The Flying Burrito Brothers

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The Flying Burrito Brothers
The Flying Burrito Brothers.png
The Flying Burrito Brothers in 1971
Background information
Origin United States
Genres Country rock
Years active 1968–1972, 1975–1980, 1985–2001
1980–1987 (as the Burrito Brothers)
2002–2009 (as Burrito Deluxe)
2009–2012 (as the Burritos)
2012–present (as the Burrito Brothers)
Labels A&M, Columbia, Curb
Associated acts International Submarine Band, the Byrds, the Desert Rose Band, Burrito Deluxe, Firefall, the Eagles, Manassas
Past members Chris Hillman
Sneaky Pete Kleinow
Gram Parsons
Chris Ethridge
Eddie Hoh
Jon Corneal
Michael Clarke
Bernie Leadon
Rick Roberts
Al Perkins
Kenny Wertz
Roger Bush
Byron Berline
Don Beck
Floyd "Gib" Guilbeau
Joel Scott Hill
Gene Parsons
Bobby Cochran
Robb Strandlund
Thad Maxwell
David Vaught
Larry Patton
Eric Dalton
Rick Lonow
George Grantham
Gary Kubal
Skip Battin
Mickey McGee
Greg Harris
Ed Ponder
John Beland
Jim Goodall
Brian Cadd
Wayne Bridge
Flying Burrito Brothers (Amsterdam, 1970). Left to right: 'Sneaky' Pete Kleinow, Rick Roberts, Chris Hillman, Michael Clarke & Bernie Leadon

The Flying Burrito Brothers was an American country rock band, best known for their influential 1969 debut album, The Gilded Palace of Sin.[1] Although the group is perhaps best known for its connection to band founders Gram Parsons and Chris Hillman, the group underwent many personnel changes and has existed in various incarnations to the present day[when?].

Original lineup and members until 1972

The Flying Burrito Brothers were founded in 1968 on the West Coast of the United States by former Byrds members Gram Parsons and Chris Hillman,[2] with pianist and bassist Chris Ethridge and pedal steel guitarist Sneaky Pete Kleinow. The group borrowed their name from an East Coast–based group of the same name who had been colleagues of Parsons's first band, the International Submarine Band, but had never recorded. Though Hillman and Roger McGuinn had fired Parsons from the Byrds in July 1968, Hillman and Parsons reconciled later that year after Hillman himself left the Byrds. Parsons had refused to join his Byrds bandmates for a tour of South Africa, citing his disapproval of the apartheid policy of that nation's government. Hillman doubted the sincerity of Parsons's gesture, believing instead that the singer merely wanted to remain in England with Mick Jagger and Keith Richards of the Rolling Stones, whom he had recently befriended.[3]

The Flying Burrito Brothers recorded their debut album, The Gilded Palace of Sin, without a regular drummer, although "Fast" Eddie Hoh and Jon Corneal both appear on the album. The album contains originals by Parsons and Hillman and covers of two songs by soul music writers Dan Penn and Chips Moman. After firing Corneal, the band needed a permanent drummer for touring purposes; they hired another ex-Byrd, Michael Clarke, who had recently been working with the Dillard and Clark Expedition. Clarke remained the band's permanent drummer from 1969 to 1973.

Although critically well received, The Gilded Palace of Sin did not sell well.[4] The band had been invited to perform at the August 1969 Woodstock festival but declined, instead electing to embark on a train tour of the United States, which ultimately ended in disaster due to drug and alcohol use.[5] Bassist Ethridge soon departed the group, with Hillman moving to bass, and the band hired singer and guitarist Bernie Leadon. The band performed at the ill-fated Altamont Free Concert in December 1969, and, as documented in the film Gimme Shelter, the crowd remained largely peaceful throughout their performance.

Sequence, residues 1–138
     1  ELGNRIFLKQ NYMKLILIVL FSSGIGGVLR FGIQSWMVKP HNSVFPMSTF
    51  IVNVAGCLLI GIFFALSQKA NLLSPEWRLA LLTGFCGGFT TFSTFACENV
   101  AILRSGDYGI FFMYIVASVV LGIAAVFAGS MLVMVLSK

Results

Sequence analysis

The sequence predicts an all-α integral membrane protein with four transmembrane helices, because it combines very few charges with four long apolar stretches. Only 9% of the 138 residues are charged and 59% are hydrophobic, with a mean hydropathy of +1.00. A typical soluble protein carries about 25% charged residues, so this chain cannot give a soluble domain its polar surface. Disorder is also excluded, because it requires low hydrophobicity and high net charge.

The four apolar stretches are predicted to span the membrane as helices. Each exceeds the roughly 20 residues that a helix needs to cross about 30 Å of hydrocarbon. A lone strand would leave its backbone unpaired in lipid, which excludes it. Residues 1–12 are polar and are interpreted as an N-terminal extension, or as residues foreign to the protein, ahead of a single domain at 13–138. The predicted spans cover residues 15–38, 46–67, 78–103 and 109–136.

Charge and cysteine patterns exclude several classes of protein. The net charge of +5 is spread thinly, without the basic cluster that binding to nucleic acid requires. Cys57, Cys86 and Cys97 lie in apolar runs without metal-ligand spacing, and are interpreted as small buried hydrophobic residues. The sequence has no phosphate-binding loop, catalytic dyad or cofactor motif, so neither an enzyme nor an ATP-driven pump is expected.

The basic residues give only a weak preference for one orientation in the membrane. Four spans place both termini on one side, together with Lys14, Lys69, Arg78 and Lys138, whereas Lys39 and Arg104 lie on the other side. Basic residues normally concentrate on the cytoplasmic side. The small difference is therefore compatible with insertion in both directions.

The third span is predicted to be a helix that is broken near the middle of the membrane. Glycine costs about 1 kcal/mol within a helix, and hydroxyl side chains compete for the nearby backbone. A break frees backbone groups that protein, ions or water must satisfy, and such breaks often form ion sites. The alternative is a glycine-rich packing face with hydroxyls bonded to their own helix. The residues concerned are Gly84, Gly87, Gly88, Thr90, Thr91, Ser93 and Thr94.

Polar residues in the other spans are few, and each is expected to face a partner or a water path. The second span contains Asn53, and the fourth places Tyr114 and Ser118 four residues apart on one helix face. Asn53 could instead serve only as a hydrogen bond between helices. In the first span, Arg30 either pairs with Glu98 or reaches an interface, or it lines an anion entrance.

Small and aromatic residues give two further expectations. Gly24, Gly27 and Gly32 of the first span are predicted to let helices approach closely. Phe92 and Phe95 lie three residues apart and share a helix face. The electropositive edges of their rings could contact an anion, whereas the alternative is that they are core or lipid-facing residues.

Parsons, the band's de facto leader and creative principal, was fired from the group in May 1970, shortly after the release of the second album, Burrito Deluxe.[6] According to Hillman, Parsons showed up for a band performance only minutes before they were to take the stage. Visibly intoxicated, he began singing songs which differed from what the rest of the band were performing. A furious Hillman fired him immediately after the show, to which Parsons responded, "You can't fire me, I'm Gram!". This incident was merely the final straw, according to Hillman. Parsons's desire to hang out with the Rolling Stones rather than focus on his own band's career was also a significant factor, mirroring his 1968 dismissal from the Byrds.[5]

A third album featuring Parsons was recorded in 1970 but never released in its entirety. Several of the tracks from these sessions eventually saw the light of day in 1976 on the album Sleepless Nights. These tracks were intended for a traditional country album and featured country standards such as "Green, Green Grass of Home" and "Tonight the Bottle Let Me Down".[7]

A version of the group without Parsons appeared in June–July 1970 on the Festival Express tour of Canada, documented in the film of the same name. Parsons was later replaced by Rick Roberts, with the new lineup releasing the album The Flying Burrito Bros in 1971. Kleinow then left to become a session musician, and Leadon departed to create the Eagles.[8] Al Perkins and Kenny Wertz replaced them, and Roger Bush and Byron Berline participated as guests in live performances. The band released a live album, Last of the Red Hot Burritos, in 1972.

The original band dissolved after the last founding member, Chris Hillman, took Perkins with him to join Manassas. Berline, Bush and Wertz continued with their own band, Country Gazette. Roberts assembled a makeshift Flying Burrito Bros group to fulfill contractual commitments for some 1973 European live shows, then initiated a solo career before forming Firefall with Michael Clarke.

Later configurations

As Parsons's influence and fame grew, so did interest in the Flying Burrito Brothers. This new-found popularity led to the release of Close Up the Honky Tonks in 1974, a double-LP compilation of album tracks, B-sides, and outtakes. Soon after, in 1975, Kleinow and Ethridge put together a new incarnation of the band. Parsons, when asked in 1972 about the band continuing without him, remarked, "The idea'll keep going on. It's not like it's dead or anything. Whether I do it or anybody else does it, it's got to keep going."[9] Floyd "Gib" Gilbeau, Joel Scott Hill, and Gene Parsons (no relation to Gram) also joined the group, and the band released Flying Again that year. Ethridge was then replaced by Skip Battin for the 1976 album Airborne. The lineup continued to evolve for the rest of the 1970s, with the band even releasing an album under the name Sierra while continuing to play shows as the Flying Burrito Brothers. In 1980, they had a country hit with a version of Merle Haggard's "White Line Fever" from their album Live in Tokyo, released the previous year.